The Venue: January 3rd 1966 is an important date in the history of British improvised music: The first performance at The Little Theatre Club. The organisers and players are once again the three friends from the Royal Air Force. The space, four flights up, is discovered by Armorel Weston (sister of Veryan), and Jean Pritchard, the lady who ran it, allowed John Stevens to use the club six nights a week — regardless of profit or attendance — after the theatre ended. Trevor Watts said of Jean Pritchard – “She’s fantastic, because it doesn’t draw all that many people and she let’s us use it!. . .She must be an angel or something!” A few months later Evan Parker came down from Birmingham, heard the band and immediately became involved, as also did Derek Bailey. Paul Rutherford discovered a bass player who was in a band playing Monk tunes, and that turned out to be Barry Guy. Others first involved were singers Julie Tippetts (nee Driscoll) and Maggie Nichols; John Stevens also encouraged Kenny Wheeler to become involved. Over the next ten or more years it became central to the burgeoning London scene, a place where the ideas and experiments of the new generation, known and unknown, could develop.
The Music: The enclosed CD comes from three separate evenings that John Stevens had organised. John and Trevor Watts were the Spontaneous Music Ensemble of this time, a duet that performed regularly, and Derek Bailey was playing solo. Martin Davidson, who often lugged his tape recorder to these gigs, there to record Derek Bailey, simply kept the machine going when the three played together at the end of the evening. Happenchance!
Of the music itself, anything I would say could only be an opinion, but if it is to be related to American jazz — this is the first release of Trevor Watts, and certainly this trio, on an American label — it can only be thought of as the other parts of the music; they are their own song/structure/rhythm, and listening I would have to think that the results are much more to do with their language, dialects (Yorkshire and London), of the literature oj Joyce and Beckett, or even the Goon Show, cricket and pints of warm beer, than influence from across the Atlantic. In fact it’s most unlikely that musicians from either side were even aware that the others existed when they set out on their adventures.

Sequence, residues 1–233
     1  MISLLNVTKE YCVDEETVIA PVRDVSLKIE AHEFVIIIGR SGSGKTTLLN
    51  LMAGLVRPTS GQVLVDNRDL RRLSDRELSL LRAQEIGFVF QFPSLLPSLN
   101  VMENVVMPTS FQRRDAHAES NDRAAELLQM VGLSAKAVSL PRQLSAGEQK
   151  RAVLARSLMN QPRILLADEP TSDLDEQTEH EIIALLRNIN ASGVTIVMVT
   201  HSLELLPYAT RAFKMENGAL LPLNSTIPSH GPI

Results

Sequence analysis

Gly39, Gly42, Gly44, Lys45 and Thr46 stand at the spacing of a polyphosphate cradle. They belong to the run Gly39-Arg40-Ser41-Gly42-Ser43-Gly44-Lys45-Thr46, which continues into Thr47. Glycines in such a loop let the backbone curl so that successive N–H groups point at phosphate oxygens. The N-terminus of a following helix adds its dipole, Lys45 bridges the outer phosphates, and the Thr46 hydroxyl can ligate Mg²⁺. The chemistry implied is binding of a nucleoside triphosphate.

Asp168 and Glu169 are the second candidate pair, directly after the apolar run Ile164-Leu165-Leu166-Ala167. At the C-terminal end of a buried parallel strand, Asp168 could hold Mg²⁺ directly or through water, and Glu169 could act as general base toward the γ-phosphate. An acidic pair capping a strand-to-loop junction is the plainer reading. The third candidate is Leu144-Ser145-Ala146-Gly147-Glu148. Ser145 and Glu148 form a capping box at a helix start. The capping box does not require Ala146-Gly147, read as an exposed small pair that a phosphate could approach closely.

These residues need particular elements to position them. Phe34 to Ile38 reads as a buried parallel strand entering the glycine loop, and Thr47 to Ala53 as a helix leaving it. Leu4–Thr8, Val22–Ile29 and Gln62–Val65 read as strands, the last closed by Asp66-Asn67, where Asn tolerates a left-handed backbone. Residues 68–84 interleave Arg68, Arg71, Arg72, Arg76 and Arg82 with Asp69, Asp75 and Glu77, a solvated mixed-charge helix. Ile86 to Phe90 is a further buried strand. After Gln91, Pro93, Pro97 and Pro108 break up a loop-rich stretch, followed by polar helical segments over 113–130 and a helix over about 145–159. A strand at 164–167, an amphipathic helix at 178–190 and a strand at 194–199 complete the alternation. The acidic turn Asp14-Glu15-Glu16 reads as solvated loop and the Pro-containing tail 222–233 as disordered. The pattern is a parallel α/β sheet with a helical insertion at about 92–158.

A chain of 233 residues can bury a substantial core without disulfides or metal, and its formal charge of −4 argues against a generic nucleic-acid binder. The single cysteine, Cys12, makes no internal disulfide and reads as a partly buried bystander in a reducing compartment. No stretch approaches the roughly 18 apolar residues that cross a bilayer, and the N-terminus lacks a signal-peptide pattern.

A Personal Note: This is of course only one of the combinations that has evolved since that day in 1966, but it is now clear that indigenous British improvised music is a historical fact, that it has influenced musicians world-wide to become involved in its form. Had I not visited London for those six months in the fall of 1966, heard the music of the Spontaneous Music Ensemble, taken lessons from the South African saxophonist Ronnie Beer, it seems highly unlikely that I would have ever become an improvising saxophonist in Canada years later.
John Stevens passed into the spirit world on September 13th, 1994: Trevor Watts with his Moiré Music prepares for another major tour of Australia, New Zealand and other Far Eastern countries; and Derek Bailey continues on his iconoclastic way.
About The Writer: Bill Smith is the editor of Coda Magazine, now celebrating its 40th Anniversary. A sample copy can be obtained by writing to him at: Coda Publications, The Shire, Hornby Islands, British Columbia, Canada VOR 1ZO. Tel/Fax 250-335-2911. e-mail: coda firstname.lastname@example.org – He also plays Eb, Bb and C sopranos.
…it was the still, small, voice of sanity in a worldgoing mad and rushing like Gadarene swine into the vortex of ‘Swinging London’. (Music Outside by Ian Carr -p41)
CD version (incl. shipment cost world-wide)
MP3 version (98.24MB zip download)